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Squadrons of Pelicans: Bold covers were part of the appeal of the original series

Around the corner from the Daily Mail's offices on Kensington High Street is one of my favourite second-hand bookshops. Run by the Trinity Hospice charity, it has clever, tempting window displays — mustard-covered crime fiction of the Thirties one week, lawn-green cricketing memoirs the next — and is just close enough for a lunchtime dash.

On the back wall, opposite the door, is an altar to Penguin Books: six shelves of orange fiction and two of blue Pelicans. It is the two blue shelves at the bottom that appeal most when I drop in. For £2 you can leave with an introduction to early medieval art in Europe, a canter around Georgian England or a study of working-class families in the East End. The original cover price was much less. 

When Pelican Books, an imprint of Penguin, was launched in 1937 it was with the aim of providing a curious and inquiring, but not necessarily affluent or educated reader, with a library of human knowledge. For sixpence a throw you could buy volumes on economics, archaeology, history, science, psychology, anthropology, art and literature, and also more practical subjects like sailing or fashionable ones like jazz. Over the next 50 years, until the imprint closed in the late 1980s, Pelican published nearly 2,500 titles covering everything from juvenile delinquency to Greek art, atoms to early computers, wildflowers to marijuana.

Now, after more than two fallow decades, Penguin have revived the Pelican imprint with five new titles: Economics: The User's Guide by Ha-Joon Chang; Human Revolution by Robin Dunbar; Revolutionary Russia by Orlando Figes; The Domesticated Brain by Bruce Hood; and Greek and Roman Political Ideas by Melissa Lane. The cover price is now £7.99.

The first Pelicans were hatched from Penguin books, the publishing house started by the enterprising Allen Lane in 1935. Having earned his stripes working at the publishers Bodley Head, he had a plan for a new sort of book — cheap, lightweight, small enough to fit in a gentleman's jacket pocket or a lady's handbag, and bound in eye-catching paper covers rather than heavy, expensive leather or cloth. Lane imagined the books being bought from W.H. Smith's newsagents on station platforms and read on the train.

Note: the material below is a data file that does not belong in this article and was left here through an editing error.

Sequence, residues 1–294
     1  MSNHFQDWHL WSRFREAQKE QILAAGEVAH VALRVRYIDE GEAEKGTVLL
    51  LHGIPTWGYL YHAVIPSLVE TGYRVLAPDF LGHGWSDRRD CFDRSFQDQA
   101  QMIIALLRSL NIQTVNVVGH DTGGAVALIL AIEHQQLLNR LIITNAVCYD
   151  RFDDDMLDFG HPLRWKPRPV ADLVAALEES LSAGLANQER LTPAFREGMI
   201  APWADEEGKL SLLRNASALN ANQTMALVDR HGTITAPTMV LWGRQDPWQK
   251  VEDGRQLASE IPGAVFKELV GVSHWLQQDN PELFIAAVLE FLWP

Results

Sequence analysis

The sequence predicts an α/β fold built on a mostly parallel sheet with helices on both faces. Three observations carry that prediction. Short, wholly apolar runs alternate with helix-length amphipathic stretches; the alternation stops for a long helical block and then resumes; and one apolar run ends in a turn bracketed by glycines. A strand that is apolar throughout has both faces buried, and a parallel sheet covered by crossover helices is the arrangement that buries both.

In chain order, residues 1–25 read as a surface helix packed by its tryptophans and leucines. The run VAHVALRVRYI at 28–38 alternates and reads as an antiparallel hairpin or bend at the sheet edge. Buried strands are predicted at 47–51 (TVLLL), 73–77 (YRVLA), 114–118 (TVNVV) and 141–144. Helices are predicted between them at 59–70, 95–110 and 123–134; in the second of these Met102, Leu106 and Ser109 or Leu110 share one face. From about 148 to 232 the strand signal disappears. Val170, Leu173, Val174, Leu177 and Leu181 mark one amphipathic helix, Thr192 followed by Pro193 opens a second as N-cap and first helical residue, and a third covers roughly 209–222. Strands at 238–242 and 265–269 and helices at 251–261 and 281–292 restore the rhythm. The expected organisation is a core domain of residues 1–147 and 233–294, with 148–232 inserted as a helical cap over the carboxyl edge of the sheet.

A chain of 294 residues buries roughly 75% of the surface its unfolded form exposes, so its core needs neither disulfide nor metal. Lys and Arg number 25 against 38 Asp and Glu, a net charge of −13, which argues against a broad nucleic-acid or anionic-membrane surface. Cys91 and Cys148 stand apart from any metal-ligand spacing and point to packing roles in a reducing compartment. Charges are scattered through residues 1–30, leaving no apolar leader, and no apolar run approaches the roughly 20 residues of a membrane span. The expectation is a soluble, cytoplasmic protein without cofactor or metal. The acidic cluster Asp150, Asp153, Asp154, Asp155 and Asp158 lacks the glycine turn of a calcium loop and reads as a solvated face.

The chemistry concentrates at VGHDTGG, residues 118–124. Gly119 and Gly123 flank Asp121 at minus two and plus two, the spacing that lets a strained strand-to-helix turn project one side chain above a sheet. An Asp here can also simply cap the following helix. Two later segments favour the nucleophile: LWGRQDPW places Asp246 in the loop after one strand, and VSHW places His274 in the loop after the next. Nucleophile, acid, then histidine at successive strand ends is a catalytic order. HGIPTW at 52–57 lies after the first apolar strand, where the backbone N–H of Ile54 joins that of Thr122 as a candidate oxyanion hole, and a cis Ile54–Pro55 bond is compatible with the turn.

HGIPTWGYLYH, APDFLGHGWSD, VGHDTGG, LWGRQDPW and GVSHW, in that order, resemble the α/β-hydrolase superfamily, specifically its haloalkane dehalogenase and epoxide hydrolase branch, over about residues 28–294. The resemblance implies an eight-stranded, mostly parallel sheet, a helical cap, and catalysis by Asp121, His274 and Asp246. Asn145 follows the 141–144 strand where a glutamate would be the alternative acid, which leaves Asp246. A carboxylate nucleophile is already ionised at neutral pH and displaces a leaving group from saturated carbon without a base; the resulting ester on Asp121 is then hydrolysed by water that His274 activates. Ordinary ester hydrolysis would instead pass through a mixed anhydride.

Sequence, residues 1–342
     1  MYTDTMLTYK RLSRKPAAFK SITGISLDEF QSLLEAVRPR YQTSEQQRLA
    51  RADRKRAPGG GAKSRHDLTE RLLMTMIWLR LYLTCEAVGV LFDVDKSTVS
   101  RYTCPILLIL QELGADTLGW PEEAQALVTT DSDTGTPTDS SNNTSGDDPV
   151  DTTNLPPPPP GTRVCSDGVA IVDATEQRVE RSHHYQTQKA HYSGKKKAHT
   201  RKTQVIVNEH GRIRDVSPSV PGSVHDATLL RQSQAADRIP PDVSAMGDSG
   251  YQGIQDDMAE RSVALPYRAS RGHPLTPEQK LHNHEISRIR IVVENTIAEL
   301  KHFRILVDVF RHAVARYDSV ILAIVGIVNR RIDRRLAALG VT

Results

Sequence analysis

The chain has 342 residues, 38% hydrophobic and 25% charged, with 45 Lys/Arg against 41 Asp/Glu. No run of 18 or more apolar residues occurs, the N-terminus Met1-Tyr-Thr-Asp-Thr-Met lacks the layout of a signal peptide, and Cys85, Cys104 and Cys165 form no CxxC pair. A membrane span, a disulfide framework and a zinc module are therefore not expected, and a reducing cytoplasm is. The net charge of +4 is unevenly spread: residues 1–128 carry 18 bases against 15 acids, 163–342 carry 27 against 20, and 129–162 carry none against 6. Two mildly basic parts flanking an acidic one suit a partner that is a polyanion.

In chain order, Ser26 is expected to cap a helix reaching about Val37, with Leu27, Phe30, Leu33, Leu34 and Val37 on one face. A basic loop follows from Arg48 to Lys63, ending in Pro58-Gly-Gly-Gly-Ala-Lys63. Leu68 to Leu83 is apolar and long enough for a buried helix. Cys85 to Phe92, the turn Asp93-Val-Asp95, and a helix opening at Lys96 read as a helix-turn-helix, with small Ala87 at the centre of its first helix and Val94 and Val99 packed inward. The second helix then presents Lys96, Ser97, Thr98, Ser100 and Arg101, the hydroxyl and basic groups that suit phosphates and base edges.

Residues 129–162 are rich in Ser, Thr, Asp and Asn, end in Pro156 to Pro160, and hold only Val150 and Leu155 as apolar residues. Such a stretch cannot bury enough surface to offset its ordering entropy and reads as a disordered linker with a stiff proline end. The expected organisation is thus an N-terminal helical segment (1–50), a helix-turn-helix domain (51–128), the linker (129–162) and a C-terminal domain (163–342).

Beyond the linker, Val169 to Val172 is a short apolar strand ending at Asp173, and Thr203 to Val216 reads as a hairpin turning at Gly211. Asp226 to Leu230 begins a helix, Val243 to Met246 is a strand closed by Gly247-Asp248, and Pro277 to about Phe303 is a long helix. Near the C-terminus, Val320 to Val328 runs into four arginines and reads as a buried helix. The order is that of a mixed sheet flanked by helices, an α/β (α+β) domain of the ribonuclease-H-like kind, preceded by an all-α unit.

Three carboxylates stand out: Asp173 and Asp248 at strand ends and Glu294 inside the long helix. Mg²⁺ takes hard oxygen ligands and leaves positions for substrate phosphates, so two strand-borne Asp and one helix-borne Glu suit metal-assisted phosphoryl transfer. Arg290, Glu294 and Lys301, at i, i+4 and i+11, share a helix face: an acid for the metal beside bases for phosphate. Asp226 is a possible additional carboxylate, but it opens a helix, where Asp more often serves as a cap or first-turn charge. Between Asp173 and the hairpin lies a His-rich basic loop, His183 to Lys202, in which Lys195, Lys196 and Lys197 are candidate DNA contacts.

There are many Penguin creation myths, but one of the most persuasive is that since there were already successful Albatross and Phoenix publishing houses, Allen Lane concluded that birds must sell books. The early Penguins appeared with orange covers, bold, clear type and a jaunty black-and-white penguin, drawn by a young employee on a trip to London Zoo.

The first ten, which appeared on shelves in July 1935, included Ariel by André Maurois; A Farewell to Arms by Ernest Hemingway; The Unpleasantness at the Bellona Club by Dorothy L. Sayers; and The Mysterious Affair at Styles by Agatha Christie. The books were an instant success and new titles were added to the list. In its first year, Penguin sold more than three million  brightly-coloured paperbacks.

By 1937, the restless Lane was looking for his next project. While standing by a bookstall at King's Cross — all the Penguin stories start in railway stations — he overheard a woman asking "for one of those Pelican books". Fearing that a rival might seize upon the name, Lane swiftly moved to make it his own. If the waddling, stocky Penguin represented fiction, then the stately, pensive Pelican would be the bird of science, history and the arts.

Lane wrote to George Bernard Shaw saying that he was interested in reissuing Shaw's The Intelligent Woman's Guide to Socialism and Capitalism, first published in hardback in 1928. Wasting no time, the practical Shaw wrote back: "Right, how much do you want to pay for it?" His Guide, expanded to include "Sovietism" and Fascism, was published in May 1937 and the Pelicans took flight.

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Eric Dickens
July 9th, 2014
8:07 AM
Alas, most of my Pelicans are unread. The chest-blood washing down over fledgling readers by the solicitous mother of education, as mythology would have it, did not quite make me read them in the past. But my earliest Pelican, bought in some second-hand bookshop, originally cost 2/6 (published: 1947). Over many years I have amassed a random library, and tonight I plucked out seventeen Pelicans from my rather chaotic multilingual shelves. There may be more. My action was triggered off by Laura Freeman’s article. The first Pelican I am going to read is the Richard Wollheim selection of Adrian Stokes' essays (1972). There are also: a biography of Wittgenstein, a book about radical perspectives in the arts, a shortened history of England, a book about "Germany in Our Time" (meaning 1970), the Bradbury-McFarlane book on Modernism, etc. You get the picture. Not only covers, but spines are essential; that is often all you can see in the bookshop; blue for the most. I located my Pelicans quickly it that manner. I hope that the new launch of the imprint doesn't bore us all rigid with turgidly "worthy" titles and funnily awkwardly unpocketable formats.

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